Zimbabwe Looks to Learn from South Africa’s Sprawling MICE Tourism Sector

Google+ Pinterest LinkedIn Tumblr +

Zimbabwe’s tourism industry is looking to learn from South Africa’s famed Meetings, Incentives, Conventions, and Events (MICE) tourism experience.

The country’s Tourism Authority (ZTA) confirmed that Zimbabwe this week sent representatives to the ongoing Meetings Africa 2018 event, an affair that seeks to boost investment across the continent.

Organised in part by the South Africa National Convention Bureau (SANCB), Meetings Africa has brought together business leaders, stakeholders and investors from across the region.

Zimbabwe, in particular, is looking to capitalize on a wide range of economic development opportunities following the recent stepping down of controversial leader, Robert Mugabe. The former Head of State had been labelled a hindrance to development.

Mugabe’s replacement, Emmerson Mnangagwa has been described as a welcome change to an arguably dictatorial regime, often citing the slogan; ‘Zimbabwe is open for business.’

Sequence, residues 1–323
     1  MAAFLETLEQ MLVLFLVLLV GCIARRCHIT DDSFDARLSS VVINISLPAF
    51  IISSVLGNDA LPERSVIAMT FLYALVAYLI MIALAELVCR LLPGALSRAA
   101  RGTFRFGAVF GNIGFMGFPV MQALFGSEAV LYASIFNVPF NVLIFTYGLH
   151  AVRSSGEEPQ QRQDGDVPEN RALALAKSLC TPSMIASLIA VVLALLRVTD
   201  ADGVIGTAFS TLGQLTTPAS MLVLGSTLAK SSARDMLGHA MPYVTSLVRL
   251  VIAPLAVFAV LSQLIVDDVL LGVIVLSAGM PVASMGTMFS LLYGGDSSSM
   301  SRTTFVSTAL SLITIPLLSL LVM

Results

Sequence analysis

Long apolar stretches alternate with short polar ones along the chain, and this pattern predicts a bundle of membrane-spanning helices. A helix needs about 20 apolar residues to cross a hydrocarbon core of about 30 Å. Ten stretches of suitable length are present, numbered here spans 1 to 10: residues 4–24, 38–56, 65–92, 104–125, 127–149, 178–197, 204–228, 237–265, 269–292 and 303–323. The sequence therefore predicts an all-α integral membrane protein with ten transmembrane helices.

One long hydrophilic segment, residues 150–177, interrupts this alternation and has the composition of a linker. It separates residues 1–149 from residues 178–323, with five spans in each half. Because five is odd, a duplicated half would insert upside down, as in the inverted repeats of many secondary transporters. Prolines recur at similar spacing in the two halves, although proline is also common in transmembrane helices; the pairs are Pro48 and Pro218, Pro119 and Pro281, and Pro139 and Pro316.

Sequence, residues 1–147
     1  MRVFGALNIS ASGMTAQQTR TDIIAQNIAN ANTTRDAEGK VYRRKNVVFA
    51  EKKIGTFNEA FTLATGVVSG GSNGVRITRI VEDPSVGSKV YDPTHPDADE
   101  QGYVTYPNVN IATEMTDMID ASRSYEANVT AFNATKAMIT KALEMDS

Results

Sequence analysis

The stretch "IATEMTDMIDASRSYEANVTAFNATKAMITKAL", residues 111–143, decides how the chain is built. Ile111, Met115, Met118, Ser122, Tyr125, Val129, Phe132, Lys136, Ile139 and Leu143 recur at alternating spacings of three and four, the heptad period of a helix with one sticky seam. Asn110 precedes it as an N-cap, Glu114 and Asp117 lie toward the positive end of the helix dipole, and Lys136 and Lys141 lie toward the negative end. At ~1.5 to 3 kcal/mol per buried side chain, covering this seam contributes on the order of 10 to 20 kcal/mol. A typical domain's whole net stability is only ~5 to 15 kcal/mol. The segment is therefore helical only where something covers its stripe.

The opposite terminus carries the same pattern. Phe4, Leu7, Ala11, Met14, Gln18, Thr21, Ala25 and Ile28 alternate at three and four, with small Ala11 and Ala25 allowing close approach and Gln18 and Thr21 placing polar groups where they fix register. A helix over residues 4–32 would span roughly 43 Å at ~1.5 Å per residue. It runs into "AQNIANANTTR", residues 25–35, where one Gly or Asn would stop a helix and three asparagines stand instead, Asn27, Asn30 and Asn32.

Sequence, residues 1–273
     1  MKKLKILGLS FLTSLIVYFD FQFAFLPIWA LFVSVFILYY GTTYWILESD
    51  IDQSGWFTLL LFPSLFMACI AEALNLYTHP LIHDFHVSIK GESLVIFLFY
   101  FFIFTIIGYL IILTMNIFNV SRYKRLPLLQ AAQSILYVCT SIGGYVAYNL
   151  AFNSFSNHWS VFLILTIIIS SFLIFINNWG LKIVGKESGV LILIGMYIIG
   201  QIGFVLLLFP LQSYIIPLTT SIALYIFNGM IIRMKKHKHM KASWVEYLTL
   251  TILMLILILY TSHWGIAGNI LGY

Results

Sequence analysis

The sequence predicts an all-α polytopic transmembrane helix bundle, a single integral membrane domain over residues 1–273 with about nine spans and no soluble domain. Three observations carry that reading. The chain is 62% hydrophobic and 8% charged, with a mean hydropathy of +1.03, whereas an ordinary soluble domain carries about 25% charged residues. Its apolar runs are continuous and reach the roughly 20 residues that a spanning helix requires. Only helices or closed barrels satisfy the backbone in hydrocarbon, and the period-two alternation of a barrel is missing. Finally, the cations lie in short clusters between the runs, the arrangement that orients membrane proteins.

Zimbabwe and South Africa seem to have a lot in common, according to World Bank reports. The two nations recently appointed new leaders in what pundits are calling historical elections. They are also two of the continent’s richest countries in terms of mineral deposits.

Leah Knott, MMC for Economic Development in the City of Johannesburg, this week encouraged delegates to explore, experience and enjoy Johannesburg during the Meetings Africa event.

MICE business, which refers to a type of tourism in which large groups, usually planned well in advance, are brought together for a particular purpose, is a major contributor to tourism economy.

Last year, Ethiopia hosted the MICE East Africa 2017 Forum & Expo, an international standard MICE Business event that was held in the political capital of Africa, Addis Ababa.

Zimbabwe’s move to capitalize on the same comes hot on the heels of a similar initiative by Rwanda’s government.

Kigali, Rwanda’s capital is also looking to exploit the MICE industry, which has seen varied levels of success in East Africa. According to data from the Rwanda Development Board (RDB), the 27th African Union Summit pumped an estimated $4.2 million into the country’s economy while roughly $2.4 million was received from the World Economic Forum (WEF), which were held in the country.

Zimbabwe is looking for similar, if not greater, numbers as well.



About Author

Leave A Reply